Evol Ecol Res 14: 779-785 (2012)     Full PDF if your library subscribes.

Magic cues versus magic preferences in speciation

Martine E. Maan1,2,3 and Ole Seehausen2,3

1Centre of Behaviour and Neurosciences, Behavioural Biology, University of Groningen, Groningen, Netherlands,  2Eawag Centre of Ecology, Evolution and Biogeochemistry, Kastanienbaum, Switzerland and  3Institute of Ecology and Evolution, University of Bern, Bern, Switzerland

Correspondence: M.E. Maan, Centre of Behaviour and Neurosciences, Behavioural Biology, University of Groningen, Nijenborgh 7, 9747 AG Groningen, Netherlands.
e-mail: m.e.maan@rug.nl


Question: How does divergent natural selection lead to divergence in mating traits and the evolution of reproductive isolation?

Background: Ecological speciation of non-allopatric taxa usually requires the evolution of an association between selective mating and the traits underlying ecological adaptation. ‘Magic traits’ affect both ecological fitness and assortative mating and may therefore mediate rapid evolution of reproductive isolation.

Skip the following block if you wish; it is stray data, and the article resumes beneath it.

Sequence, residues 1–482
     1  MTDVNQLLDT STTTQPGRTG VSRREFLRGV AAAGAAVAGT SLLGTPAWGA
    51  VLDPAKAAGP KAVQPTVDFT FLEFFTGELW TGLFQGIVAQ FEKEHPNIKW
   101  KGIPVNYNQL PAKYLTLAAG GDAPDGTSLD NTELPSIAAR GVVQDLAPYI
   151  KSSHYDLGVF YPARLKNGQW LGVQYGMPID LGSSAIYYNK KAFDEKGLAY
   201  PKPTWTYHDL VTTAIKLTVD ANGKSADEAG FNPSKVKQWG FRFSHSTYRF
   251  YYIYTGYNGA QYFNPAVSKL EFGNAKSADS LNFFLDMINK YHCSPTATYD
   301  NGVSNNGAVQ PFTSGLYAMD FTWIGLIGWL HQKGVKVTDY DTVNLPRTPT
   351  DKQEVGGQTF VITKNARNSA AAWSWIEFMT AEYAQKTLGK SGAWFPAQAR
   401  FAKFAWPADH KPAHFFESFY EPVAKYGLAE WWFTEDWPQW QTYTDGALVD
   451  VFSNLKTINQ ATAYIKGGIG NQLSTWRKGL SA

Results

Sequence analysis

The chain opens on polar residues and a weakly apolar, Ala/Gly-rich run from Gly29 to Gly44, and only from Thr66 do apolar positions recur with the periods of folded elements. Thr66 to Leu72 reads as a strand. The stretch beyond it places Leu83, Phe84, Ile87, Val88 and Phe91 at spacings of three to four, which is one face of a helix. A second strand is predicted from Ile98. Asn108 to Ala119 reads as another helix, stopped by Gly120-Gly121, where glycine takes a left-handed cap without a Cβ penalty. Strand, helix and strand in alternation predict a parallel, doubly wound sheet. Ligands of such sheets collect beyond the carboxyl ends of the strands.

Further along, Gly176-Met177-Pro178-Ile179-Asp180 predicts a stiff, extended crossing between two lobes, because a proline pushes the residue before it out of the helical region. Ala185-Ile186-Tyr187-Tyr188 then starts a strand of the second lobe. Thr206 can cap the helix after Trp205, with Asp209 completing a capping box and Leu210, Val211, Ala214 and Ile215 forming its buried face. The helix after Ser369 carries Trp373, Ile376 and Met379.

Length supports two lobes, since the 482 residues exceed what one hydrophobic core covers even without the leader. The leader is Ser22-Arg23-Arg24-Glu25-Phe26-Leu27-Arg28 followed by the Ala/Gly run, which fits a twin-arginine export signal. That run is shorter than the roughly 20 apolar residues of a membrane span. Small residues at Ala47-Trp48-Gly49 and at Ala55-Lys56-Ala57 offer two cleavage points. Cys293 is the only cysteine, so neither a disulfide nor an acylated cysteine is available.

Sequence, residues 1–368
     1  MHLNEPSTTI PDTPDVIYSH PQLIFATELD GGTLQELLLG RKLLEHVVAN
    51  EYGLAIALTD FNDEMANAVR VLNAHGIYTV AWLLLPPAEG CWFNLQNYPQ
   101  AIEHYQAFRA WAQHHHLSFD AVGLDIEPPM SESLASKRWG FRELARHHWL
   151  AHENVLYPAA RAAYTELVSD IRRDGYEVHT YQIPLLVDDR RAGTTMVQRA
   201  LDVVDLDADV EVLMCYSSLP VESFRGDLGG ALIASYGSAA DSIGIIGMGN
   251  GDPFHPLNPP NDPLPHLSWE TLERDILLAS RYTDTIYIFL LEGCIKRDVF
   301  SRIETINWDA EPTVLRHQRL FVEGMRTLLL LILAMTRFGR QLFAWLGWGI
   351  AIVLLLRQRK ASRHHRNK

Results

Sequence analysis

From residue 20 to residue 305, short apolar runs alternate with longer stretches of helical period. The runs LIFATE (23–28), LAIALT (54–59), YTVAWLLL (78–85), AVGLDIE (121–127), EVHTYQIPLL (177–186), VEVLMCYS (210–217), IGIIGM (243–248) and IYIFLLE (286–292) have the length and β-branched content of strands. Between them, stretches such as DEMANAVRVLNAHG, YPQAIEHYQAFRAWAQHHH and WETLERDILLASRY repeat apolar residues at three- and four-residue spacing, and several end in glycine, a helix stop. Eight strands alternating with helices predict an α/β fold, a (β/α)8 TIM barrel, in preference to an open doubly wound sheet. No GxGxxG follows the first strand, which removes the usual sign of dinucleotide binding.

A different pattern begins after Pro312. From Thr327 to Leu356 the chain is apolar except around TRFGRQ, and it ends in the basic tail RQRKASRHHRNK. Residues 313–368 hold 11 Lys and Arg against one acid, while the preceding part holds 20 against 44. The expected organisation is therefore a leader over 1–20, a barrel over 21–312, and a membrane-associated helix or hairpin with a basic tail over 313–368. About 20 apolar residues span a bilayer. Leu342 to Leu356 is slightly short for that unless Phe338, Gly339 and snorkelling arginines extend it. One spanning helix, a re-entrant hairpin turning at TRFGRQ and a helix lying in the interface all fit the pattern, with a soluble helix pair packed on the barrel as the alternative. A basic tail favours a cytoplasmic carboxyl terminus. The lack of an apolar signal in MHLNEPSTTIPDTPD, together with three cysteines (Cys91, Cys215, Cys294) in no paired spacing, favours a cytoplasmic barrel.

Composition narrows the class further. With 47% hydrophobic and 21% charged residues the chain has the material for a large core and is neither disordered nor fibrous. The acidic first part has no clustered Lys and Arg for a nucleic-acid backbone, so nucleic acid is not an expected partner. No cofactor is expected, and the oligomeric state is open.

Problem: When assortative mating is mediated by separate preferences and cues, as opposed to being based on trait similarity (e.g. assortment by body size or habitat), pre-mating reproductive isolation between non-allopatric populations often requires divergence in both mating preferences and mating cues. However, most proposed cases of magic trait speciation rely on observation of divergent mating cues alone, leaving the consequences for reproductive isolation uncertain.

Solution: We propose that a distinction should be made between mating cues and mating preferences when documenting divergent natural selection on mating traits. We argue that immediate effects of ecological adaptation on mating preferences, through direct selection or through pleiotropy, will drive divergence in both preferences and traits much more predictably than ecological selection on mating cues. The distinction between ‘magic cues’ and ‘magic preferences’ is critical for evaluating the evolutionary consequences of divergent selection on mating traits, and implies a need for increased research effort into documenting variation in mating preferences in diverging taxa.

Keywords: direct selection, indirect selection, linkage disequilibrium, mate choice, sexual selection.

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